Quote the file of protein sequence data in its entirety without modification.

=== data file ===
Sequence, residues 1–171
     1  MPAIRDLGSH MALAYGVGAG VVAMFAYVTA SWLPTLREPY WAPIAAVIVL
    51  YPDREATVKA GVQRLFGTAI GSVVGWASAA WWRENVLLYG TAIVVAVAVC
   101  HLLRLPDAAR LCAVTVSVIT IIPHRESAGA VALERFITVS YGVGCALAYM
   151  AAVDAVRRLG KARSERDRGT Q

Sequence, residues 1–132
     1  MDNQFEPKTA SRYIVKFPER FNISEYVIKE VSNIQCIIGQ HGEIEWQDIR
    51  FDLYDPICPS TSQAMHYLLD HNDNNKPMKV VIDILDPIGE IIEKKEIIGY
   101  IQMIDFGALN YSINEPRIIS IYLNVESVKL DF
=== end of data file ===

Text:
Sequence, residues 1–171
     1  MPAIRDLGSH MALAYGVGAG VVAMFAYVTA SWLPTLREPY WAPIAAVIVL
    51  YPDREATVKA GVQRLFGTAI GSVVGWASAA WWRENVLLYG TAIVVAVAVC
   101  HLLRLPDAAR LCAVTVSVIT IIPHRESAGA VALERFITVS YGVGCALAYM
   151  AAVDAVRRLG KARSERDRGT Q

Sequence, residues 1–132
     1  MDNQFEPKTA SRYIVKFPER FNISEYVIKE VSNIQCIIGQ HGEIEWQDIR
    51  FDLYDPICPS TSQAMHYLLD HNDNNKPMKV VIDILDPIGE IIEKKEIIGY
   101  IQMIDFGALN YSINEPRIIS IYLNVESVKL DF